Fruit enroute

As you travel accross the country by public means what stands out is that at almost every major stop theres some locally organised fruit vending… Tip is always carry loose money and receive the goods before paying (do not alight unless your conductor has allowed)

Tunneled houses of Chagga

msonge-chagga-hse

msonga – chagga huts ©muokikioko2016

Traditionally banana farmers, the chagga of Northern Tanzania one of the largest tribes of Tanzania built huts known as ‘msonga’

Most interesting about these ‘msonga’ is you could ‘songa’/move from one hut to another without stepping out of the hut…the secret?

highly spiritual, the chagga are known to mix christianity with traditional beliefs (like most africans) 🙂 and mostly occupy the areas around ‘moshi’ and ‘arusha’.

Sub- terrainian houses of Arusha

The ‘warrique’ communities of Northern Tanzania who live around Arusha built houses on the sides of hills which they used in times of war, especially with the maasai community.

What was special about them was the house was part of the hill ie it was sub-terrenial, allowing for escape through tunnels in the hills. The community called them  ‘Assemo’

Tinga Tinga Art

image

Tinga Tinga Art ©muoki kioko 2006

An Art form prevailant and distinct to  Tanzanians sought after by many Art collectors who package it for resale in Europe.

photos and text
©muoki kioko
2009-2016
email:muokikioko@gmail.com

Children will Always be children

image

I don’t know why whenever I see this image that statement always comes to mind. What is it that draws children to water?
Place them there and you have to literally pluck them out due to cold or lateness. Taken in coastal Tanganyika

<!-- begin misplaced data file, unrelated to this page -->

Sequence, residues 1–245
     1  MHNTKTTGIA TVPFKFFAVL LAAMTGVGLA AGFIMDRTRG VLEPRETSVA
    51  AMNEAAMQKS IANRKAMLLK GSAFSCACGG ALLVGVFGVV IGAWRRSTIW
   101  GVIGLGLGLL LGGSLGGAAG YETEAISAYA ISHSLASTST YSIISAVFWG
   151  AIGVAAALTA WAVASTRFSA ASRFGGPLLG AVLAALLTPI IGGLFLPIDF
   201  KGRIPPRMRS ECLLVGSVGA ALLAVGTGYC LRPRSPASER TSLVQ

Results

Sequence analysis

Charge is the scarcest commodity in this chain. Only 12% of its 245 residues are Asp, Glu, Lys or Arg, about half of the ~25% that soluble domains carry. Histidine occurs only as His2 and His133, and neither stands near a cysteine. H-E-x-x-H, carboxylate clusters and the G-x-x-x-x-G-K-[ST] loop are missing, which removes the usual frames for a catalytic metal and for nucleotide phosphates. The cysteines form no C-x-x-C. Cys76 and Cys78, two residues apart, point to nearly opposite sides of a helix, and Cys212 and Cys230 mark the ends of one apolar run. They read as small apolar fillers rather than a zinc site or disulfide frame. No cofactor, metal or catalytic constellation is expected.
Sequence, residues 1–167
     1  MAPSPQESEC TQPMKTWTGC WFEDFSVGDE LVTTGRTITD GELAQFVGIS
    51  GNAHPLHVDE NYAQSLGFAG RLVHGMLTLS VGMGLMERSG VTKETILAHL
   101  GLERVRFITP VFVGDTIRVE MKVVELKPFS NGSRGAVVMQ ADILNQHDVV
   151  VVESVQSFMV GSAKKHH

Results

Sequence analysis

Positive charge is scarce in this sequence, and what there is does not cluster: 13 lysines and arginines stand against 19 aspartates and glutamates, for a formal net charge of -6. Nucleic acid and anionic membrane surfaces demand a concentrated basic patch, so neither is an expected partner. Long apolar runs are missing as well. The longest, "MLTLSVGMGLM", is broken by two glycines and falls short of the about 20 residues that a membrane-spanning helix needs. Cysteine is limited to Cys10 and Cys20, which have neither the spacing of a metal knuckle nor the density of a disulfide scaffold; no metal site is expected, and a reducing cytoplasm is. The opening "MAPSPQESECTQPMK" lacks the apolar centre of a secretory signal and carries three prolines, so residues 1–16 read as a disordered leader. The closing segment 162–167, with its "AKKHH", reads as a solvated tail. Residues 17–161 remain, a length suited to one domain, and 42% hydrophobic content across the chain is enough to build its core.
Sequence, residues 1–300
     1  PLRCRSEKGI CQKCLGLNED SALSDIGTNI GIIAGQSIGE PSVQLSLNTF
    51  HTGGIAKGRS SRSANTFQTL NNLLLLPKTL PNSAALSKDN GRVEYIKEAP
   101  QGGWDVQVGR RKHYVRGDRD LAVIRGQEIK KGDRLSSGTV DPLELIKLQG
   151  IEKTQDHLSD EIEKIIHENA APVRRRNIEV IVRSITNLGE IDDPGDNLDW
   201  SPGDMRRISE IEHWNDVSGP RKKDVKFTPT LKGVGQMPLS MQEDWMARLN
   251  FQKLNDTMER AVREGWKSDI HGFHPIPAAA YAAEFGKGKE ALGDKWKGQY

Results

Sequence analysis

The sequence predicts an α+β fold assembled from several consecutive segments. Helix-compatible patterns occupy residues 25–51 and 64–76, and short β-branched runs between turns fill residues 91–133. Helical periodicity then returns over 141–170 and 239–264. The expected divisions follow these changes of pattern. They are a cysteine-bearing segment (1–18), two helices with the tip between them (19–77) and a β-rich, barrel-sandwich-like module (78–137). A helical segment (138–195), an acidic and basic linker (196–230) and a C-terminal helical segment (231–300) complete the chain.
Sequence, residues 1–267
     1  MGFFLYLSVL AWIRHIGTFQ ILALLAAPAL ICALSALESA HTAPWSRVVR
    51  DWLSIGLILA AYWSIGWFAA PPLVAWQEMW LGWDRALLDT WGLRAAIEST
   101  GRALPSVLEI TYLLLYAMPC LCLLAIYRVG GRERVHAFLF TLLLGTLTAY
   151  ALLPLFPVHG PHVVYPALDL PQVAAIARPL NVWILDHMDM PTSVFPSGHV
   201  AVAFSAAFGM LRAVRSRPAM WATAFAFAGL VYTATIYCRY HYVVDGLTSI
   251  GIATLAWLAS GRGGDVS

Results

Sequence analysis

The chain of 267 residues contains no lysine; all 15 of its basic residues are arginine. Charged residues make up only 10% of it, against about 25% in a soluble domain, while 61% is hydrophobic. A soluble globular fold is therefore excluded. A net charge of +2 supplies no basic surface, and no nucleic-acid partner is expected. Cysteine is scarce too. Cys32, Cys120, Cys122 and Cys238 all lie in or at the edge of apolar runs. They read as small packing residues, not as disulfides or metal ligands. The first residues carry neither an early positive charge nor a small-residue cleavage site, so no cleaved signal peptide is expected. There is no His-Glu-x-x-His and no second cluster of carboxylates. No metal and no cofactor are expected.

Text & Images
©Muoki Kioko 2009-2015
email: muokikioko@gmail.com
All rights reserved.

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Tanzania-Kenya border tour vehicle rows

Who’s FOOLING Who??

Tasota wants status of tour
operators’ vehicles to stay
unchanged in EA
BY THE GUARDIAN REPORTER
21st February 2014

The Tanzania Society of Travel
Agents (Tasota) has said the denial of entry of tour operators’ vehicles from other East African countries should remain unchanged.
http://www.ippmedia.com/frontend/index.php?l=65046

today

Kenya prevents Tanzania motor
vehicles from entering JKIA
BY CHARLES NGEREZA
5th January 2015
http://www.ippmedia.com/frontend/index.php?l=75961

FRIDAY, FEBRUARY 6, 2015
Tanzania tour vans barred from
JKIA and all parks
NATION MEDIA
By YVONNE KAWIRA

Tanzanian-registered tour vans will no longer be allowed to access Jomo Kenyatta International Airport and game parks in Kenya.
East African Affairs, Trade and
Tourism Cabinet Secretary Phyllis Kandie said a three-week window requested by Tanzania to allow both countries to discuss and sort out the issue had elapsed.
“The meeting to discuss these issues has not taken place,” Ms Kandie said.
“Those three weeks have now expired without our Tanzanian counterparts convening the meeting for the negotiations,” she noted. Ms Kandie said the government had, as a result, resolved to implement the bilateral agreement between Kenya and Tanzania signed in 1985 to ensure fairness of trade between the two countries.

TANZANIA’S REFUSAL
The decision to invoke the bilateral agreement was taken following Tanzania’s refusal to allow Kenyan vans into the country.
The agreement stipulates how